Collier County hoped to collect the $490 million in sales surtax revenue in six years, but the COVID-19 outbreak has slowed the pace of collections.
Nick Casalanguida, the deputy county manager, told Wake Up Naples attendees on Aug. 12 that the county has collected more than $130 million in the first 17 months of the program. While average collections were around $7.6 million, Casalanguida said the novel coronavirus has led to a drop off in recent months.
“It’s a seven-year plan,” said Casalanguida. “We expected it to be done in six years but are now thinking it will be done in seven.”
In 2018, Collier County voters approved a seven-year, one-cent local option sales surtax. The local option sales surtax is estimated to raise approximately $490 million and will end on Dec. 31, 2025 or when the $490 million is collected. The Greater Naples Chamber supported the infrastructure sales surtax increase.
Collier County government is expected to receive approximately $420 million for infrastructure projects from the sales tax. The remaining $70 million will be split among the county’s three municipalities.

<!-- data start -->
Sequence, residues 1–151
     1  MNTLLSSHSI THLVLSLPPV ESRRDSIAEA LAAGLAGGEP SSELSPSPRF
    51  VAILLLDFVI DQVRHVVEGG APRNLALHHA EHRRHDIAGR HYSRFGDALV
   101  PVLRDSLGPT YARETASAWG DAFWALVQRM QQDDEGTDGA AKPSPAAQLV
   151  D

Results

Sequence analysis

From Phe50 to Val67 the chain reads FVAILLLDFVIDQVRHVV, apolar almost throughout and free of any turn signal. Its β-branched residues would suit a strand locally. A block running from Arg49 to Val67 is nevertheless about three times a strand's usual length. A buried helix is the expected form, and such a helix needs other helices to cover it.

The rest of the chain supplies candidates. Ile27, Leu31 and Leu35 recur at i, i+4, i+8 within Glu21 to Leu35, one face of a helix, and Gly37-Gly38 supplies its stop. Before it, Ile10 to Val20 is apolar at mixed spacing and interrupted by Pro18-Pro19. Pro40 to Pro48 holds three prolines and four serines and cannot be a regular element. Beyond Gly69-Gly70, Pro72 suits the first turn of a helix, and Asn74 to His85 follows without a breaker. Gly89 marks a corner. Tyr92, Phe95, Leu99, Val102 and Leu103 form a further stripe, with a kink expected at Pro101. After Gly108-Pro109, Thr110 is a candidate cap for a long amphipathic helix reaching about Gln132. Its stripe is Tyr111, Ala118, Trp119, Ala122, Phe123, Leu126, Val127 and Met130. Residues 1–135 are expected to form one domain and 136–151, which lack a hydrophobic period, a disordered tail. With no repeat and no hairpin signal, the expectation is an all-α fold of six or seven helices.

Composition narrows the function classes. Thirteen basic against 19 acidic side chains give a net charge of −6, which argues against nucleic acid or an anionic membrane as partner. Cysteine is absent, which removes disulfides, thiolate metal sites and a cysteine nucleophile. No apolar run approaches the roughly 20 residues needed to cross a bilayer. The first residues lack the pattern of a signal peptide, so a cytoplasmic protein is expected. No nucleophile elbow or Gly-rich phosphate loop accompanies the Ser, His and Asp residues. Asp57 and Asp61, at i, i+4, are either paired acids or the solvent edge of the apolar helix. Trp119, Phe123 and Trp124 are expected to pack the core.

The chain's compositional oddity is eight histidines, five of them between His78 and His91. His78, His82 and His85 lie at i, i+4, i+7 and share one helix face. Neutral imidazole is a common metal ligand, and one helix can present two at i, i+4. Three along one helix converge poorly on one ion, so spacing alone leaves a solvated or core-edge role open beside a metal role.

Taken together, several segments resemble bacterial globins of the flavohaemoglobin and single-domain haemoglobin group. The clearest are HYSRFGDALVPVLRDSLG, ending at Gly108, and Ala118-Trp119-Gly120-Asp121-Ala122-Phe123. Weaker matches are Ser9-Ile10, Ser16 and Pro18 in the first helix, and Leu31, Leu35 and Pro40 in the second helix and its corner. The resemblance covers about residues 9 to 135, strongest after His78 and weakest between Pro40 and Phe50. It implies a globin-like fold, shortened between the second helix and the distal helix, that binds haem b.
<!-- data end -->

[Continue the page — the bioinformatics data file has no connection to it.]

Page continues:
Casalanguida said the county’s infrastructure sales surtax oversight committee has already validated nine projects, including the Vanderbilt Beach Road extension, bridges in Golden Gate Estates and the Big Corkscrew Island Regional Park. Several other projects have been partially validated.
While some projects were quick to move forward, Casalanguida said others, namely the community projects, will take more time to get going.
Casalanguida said the county is working with a variety of stakeholders on several of the community projects, however he said he was hopeful some of the projects could go before the oversight committee in the coming months.
The county is expected to receive a final report dealing with mental health services in the near future. Once that report is received, Casalanguida said he expected the Board of County Commissioners to discuss possible locations, including at a site next to the David Lawrence Center or on the county’s main government campus, for a new mental health facility. He said he expects to bring the project to the oversight committee in the spring for validation.
Similarly, Casalanguida said the county has a few ideas for the career and technical training center can located and continues to be in talks with stakeholders about who will run the facility. Still, Casalanguida said he thinks “a big push in 2021 will be to turn that on and get that going.”
When it comes to the workforce housing trust fund, Casalanguida said there are several projects in motion that will benefit from that fund. The money will be used to help acquire land and build infrastructure related to workforce housing.